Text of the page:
Today I'd like to share a framework with you that may help you understand how to put that first foot forward in your emotional ability journey and see it through to the end.
If you are beginning in a place where your emotions (and therefore your life) are painful and bewildering to you, then your first priority is to give yourself the gift of emotional safety. Learn and choose that first. Stop sharing (deeper) emotions with unsafe people who don't know how to support you because of where they are stuck in their journey. Seek safe people. That may be a professional third party (perhaps a therapist or a clergy member, as examples), or a close family member or friend (pets count!), or perhaps a new group of people with common interests or struggles that 'get' you.
Become safe for yourself. In quiet, personal moments allow any emotion that wishes to arise without repressing it--whether that is a giggle or a sob or a growl. Learn to release judgment against yourself for simply feeling something. Validate your own emotions (don't wait for someone else to do that for you). Yes, you may need to learn how to healthily express a feeling (next step in the framework). But for simply experiencing a given emotion? Allow your self room and permission to look at it, hold it in the body as needed. Then allow it to move out of the skin--gently or tempestuously. Be compassionate toward yourself as an emotional being.
Also notice if you are having to suffer other people's emotions, especially on a chronic basis, that are not safe for you. Create a strategy that will allow you to be protected from that person(s) and their emotion. Get help if you need it. Strengthen your boundary. Physically leave their presence, perhaps.
Be willing to examine whether or not other people are safe around you and your emotions. Be honest about that. Perhaps just this simple awareness at this point will help you begin to make some new choices.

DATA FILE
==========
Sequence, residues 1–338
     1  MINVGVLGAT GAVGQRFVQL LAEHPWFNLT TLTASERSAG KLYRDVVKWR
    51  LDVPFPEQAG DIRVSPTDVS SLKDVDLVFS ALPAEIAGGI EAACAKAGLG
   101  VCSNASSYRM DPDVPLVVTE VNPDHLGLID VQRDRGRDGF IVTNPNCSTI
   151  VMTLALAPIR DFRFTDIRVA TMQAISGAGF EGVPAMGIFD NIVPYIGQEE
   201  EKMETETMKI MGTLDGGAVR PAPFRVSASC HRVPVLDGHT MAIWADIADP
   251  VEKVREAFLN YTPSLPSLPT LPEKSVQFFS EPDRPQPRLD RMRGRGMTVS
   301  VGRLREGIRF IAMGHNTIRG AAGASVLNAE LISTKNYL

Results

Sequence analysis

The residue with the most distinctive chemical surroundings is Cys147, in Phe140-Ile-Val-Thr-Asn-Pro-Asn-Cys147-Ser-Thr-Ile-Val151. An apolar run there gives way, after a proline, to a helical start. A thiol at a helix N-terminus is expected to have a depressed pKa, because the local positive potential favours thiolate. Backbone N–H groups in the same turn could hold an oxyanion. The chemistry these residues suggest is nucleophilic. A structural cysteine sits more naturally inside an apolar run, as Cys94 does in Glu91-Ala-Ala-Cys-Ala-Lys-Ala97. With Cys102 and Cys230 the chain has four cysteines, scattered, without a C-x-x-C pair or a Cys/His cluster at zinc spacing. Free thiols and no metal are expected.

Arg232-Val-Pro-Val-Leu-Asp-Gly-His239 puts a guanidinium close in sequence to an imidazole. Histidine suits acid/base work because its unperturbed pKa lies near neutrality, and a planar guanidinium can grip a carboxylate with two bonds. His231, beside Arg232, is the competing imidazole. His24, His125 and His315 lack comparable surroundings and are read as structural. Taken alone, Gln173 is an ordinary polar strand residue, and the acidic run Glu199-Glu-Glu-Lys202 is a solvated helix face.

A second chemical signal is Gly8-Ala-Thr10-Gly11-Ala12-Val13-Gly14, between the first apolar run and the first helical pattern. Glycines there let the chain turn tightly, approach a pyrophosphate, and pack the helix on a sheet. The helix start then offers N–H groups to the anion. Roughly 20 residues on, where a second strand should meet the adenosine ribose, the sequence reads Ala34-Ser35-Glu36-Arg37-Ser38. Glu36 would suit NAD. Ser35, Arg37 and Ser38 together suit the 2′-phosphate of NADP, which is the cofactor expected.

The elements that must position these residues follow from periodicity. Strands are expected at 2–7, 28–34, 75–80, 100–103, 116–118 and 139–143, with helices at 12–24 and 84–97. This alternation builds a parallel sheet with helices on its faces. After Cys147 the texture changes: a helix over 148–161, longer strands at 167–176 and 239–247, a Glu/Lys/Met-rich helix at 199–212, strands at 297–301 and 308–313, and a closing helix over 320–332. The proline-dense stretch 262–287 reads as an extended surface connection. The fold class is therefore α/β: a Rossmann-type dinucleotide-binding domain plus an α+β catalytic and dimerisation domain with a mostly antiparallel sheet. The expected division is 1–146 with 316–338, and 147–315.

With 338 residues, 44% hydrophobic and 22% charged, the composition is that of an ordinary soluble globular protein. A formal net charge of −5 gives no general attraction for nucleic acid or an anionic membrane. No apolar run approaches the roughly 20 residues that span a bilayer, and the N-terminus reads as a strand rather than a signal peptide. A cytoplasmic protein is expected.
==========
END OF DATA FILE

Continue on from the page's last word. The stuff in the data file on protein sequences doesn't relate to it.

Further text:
Meanwhile, as you experience more safety and relaxation during an emotional experience, you can move into the second step of the framework, which is emotional proficiency. Here is where you are going to do a lot of work (and you might like to refer to the various posts in the emotional ability series for ideas of what needs to be done). Over time, baby step by baby step, get some skills with emotions. Install some new beliefs. Install some new thought statements (which trigger emotion). Release the old ones. Understand and heal your triggers (emotional reactions). Get a tool kit, especially for those common situations you find yourself in--for example, if you are often angry, get an anger tool kit. If you are often afraid, get a fear tool kit. If you would like to feel more acceptance toward yourself and others, create and employ a tool kit for that. The main proficiency is how you will choose to express an emotion once it arises. Another important one is how to use and share emotion to deepen intimacy in your relationships (rather than being divisive).
Over time, as you gain more emotional knowledge, and practice what you know, you will eventually begin to enjoy emotional thriving. In this stage, your skills are more second nature. You feel free and relaxed throughout the day for the most part and do not have to second guess or consciously handle yourself and others and our emotions; it just comes naturally. You feel alive and are grateful for all the flavors of that life. You have plenty of room to cry and to laugh and to scream and everything in between. And you have room to allow others' around you to do the same.
I do hope this emotional ability series has helped you to understand that you can do something about your emotions if they are currently a source of pain or overwhelm for you. There are steps you can take, things you can practice. You are responsible for your own emotional state.